Turkish President Tayyip Erdogan accused Germany on Sunday of "fascist actions" reminiscent of Nazi times in a growing row over the cancellation of political rallies aimed at drumming up support for him among 1.5 million Turkish citizens in Germany.
German politicians reacted with shock and anger. German Justice Minister Heiko Maas told broadcaster ARD that Erdogan's comments were "absurd, disgraceful and outlandish" and designed to provoke a reaction from Berlin.
But he cautioned against banning Erdogan from visiting Germany or breaking off diplomatic ties, saying that such moves would push Ankara "straight into the arms of (Russian President Vladmir) Putin, which no one wants."
The deputy leader of Chancellor Angela Merkel's Christian Democratic Union (CDU) party said the Turkish president was "reacting like a wilful child that cannot have his way," while a top leader of the CDU's Bavarian sister party described Erdogan as the "despot of the Bosphorus" and demanded an apology.
German authorities withdrew permission last week for two rallies by Turkish citizens in German cities at which Turkish ministers were to urge a "Yes" vote in a referendum next month on granting Erdogan sweeping new presidential powers. Berlin says the rallies were canceled on security grounds.
Turkish President Tayyip Erdogan makes a speech during a symposium on the presidential system in Istanbul, Turkey, February 11. Reuters
However, Turkish Economy Minister Nihat Zeybekci spoke at large events in Leverkusen and Cologne on Sunday while protesters stood outside.
The row has further soured relations between the two NATO members amid mounting public outrage in Germany over the arrest in Turkey of a Turkish-German journalist. It has also spurred growing demands for Merkel to produce a more forceful response to Erdogan's words and actions.
A poll conducted for the Bild am Sonntag newspaper showed that 81 percent of Germans believe that Merkel’s government has been too accommodating with Ankara. Germany, under an agreement signed last year, relies on Turkey to prevent a further flood of migrants from pouring into Europe.
The lead article in German news magazine Der Spiegel on Sunday urged Merkel to free herself from the “handcuffs of the migrant deal.”
A defiant Erdogan said he could travel to Germany himself to rally support for the constitutional changes to grant him greater power.
"Germany, you have no relation whatsoever to democracy and you should know that your current actions are no different to those of the Nazi period," Erdogan said at a rally in Istanbul. "If I want to come to Germany, I will, and if you don't let me in through your doors, if you don't let me speak, then I will make the world rise to its feet," he told a separate event.
Neither Merkel's office nor the foreign ministry had any immediate comment.
Erdogan says he needs the proposed new powers to tackle Kurdish rebels, Islamist militants and other political enemies in a land with a history of unstable coalition governments.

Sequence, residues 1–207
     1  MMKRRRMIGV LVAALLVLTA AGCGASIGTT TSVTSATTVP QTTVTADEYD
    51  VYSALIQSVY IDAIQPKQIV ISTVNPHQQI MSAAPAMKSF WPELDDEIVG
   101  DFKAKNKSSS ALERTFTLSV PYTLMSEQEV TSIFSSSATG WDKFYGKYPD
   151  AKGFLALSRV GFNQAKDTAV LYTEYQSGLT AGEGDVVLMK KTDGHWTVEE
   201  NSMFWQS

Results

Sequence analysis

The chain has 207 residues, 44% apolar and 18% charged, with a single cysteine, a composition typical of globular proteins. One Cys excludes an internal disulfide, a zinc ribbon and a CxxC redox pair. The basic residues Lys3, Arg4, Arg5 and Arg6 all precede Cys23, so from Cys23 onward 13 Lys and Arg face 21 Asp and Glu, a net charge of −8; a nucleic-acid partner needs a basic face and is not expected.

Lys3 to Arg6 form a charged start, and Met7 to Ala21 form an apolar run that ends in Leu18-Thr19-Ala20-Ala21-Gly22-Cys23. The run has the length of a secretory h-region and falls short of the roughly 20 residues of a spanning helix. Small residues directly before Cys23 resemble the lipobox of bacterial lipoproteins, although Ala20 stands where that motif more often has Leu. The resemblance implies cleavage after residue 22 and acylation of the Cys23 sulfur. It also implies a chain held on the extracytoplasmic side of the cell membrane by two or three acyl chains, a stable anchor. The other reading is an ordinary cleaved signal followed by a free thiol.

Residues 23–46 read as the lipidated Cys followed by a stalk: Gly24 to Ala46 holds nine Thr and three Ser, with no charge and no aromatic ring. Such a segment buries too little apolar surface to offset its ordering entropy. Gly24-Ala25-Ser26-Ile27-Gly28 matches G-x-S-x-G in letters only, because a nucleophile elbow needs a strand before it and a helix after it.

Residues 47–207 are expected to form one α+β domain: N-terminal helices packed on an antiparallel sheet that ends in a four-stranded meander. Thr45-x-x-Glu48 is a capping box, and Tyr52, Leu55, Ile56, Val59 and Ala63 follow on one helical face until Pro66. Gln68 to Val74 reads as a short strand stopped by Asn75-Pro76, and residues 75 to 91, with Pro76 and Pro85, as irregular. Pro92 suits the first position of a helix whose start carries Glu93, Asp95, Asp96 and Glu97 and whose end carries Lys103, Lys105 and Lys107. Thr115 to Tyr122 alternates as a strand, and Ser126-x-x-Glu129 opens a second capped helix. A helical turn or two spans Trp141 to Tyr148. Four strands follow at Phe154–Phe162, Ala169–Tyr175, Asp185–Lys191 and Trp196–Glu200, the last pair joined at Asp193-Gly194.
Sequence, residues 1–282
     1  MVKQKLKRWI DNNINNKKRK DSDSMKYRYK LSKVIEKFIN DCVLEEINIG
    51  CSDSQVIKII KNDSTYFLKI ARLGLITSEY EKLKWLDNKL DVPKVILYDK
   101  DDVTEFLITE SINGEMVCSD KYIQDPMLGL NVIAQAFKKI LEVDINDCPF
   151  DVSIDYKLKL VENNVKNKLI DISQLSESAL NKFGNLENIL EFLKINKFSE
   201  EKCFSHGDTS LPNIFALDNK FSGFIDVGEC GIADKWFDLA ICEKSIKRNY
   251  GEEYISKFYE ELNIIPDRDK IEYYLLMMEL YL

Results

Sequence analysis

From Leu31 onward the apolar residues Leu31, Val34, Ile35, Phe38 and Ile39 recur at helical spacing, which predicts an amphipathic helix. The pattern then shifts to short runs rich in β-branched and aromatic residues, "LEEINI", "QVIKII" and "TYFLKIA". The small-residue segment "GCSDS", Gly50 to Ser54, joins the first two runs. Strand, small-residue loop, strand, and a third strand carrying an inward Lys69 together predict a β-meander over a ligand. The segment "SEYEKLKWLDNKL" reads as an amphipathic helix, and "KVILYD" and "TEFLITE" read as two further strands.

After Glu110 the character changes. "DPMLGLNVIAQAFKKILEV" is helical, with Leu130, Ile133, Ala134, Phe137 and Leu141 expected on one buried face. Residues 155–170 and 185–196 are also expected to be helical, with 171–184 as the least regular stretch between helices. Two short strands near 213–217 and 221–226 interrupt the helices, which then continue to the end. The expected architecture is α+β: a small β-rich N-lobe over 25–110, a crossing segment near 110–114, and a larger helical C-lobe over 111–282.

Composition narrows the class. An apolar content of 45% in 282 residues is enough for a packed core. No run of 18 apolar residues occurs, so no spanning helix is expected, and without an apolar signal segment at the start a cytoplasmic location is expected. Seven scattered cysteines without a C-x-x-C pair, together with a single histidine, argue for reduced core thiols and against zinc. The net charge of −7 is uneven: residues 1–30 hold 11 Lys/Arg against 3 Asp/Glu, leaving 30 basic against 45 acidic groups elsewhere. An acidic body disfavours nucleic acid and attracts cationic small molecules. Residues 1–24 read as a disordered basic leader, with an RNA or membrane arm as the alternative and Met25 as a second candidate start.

Critics, meanwhile, argue that a "yes" vote in the April 16 referendum would abolish checks and balances that have already been eroded over 15 years of his rule.
Germany and other European countries have grown increasingly concerned about mass arrests and dismissals in the army, judiciary and civil service across Turkey after a failed attempt to topple the president in July.
People applaud at the end of a speech by Turkish Economy Minister Nihat Zeybekci in Cologne, Germany, March 5. Wolfgang Rattay/Reuters
The remarks by Erdogan—a man admired by many for his rhetorical flourishes—could win support among those who see Turkey threatened by militant attacks and abandoned by putative allies, but they could damage economic ties at a time when Turkey faces rising unemployment and inflation.
Ten percent of Turkish exports go to Germany, while Germany accounts for about 11 percent of Turkish imports.
The confrontation has also fanned anger across the European Union, which Turkey had aspired to join but with increasingly subdued conviction of late.
Austrian Chancellor Christian Kern called for an EU-wide ban on campaign appearances by Turkish politicians to avoid member countries such as Germany coming under pressure from Ankara.
Dutch nationalist Geert Wilders, expected to make huge gains in a March 15 election, said on Sunday that he would declare "the whole cabinet of Turkey persona non grata" and described Erdogan an "Islamo-fascist."
Julia Kloeckner, deputy leader of Merkel’s Christian Democratic Union, told Bild newspaper: "The Nazi comparison is a new high point of intemperance.”
Andreas Scheuer, general secretary of the Bavarian CSU party, said that Erdogan's remarks marked a new low point in ties between the two allies and demanded an apology.
"This was a monstrous gaffe by the despot of the Bosphorus," Scheuer told the Passauer Neue Presse. "The Nazi comparison is outrageous and preposterous. An apology is in order."Try Newsweek: Subscription offers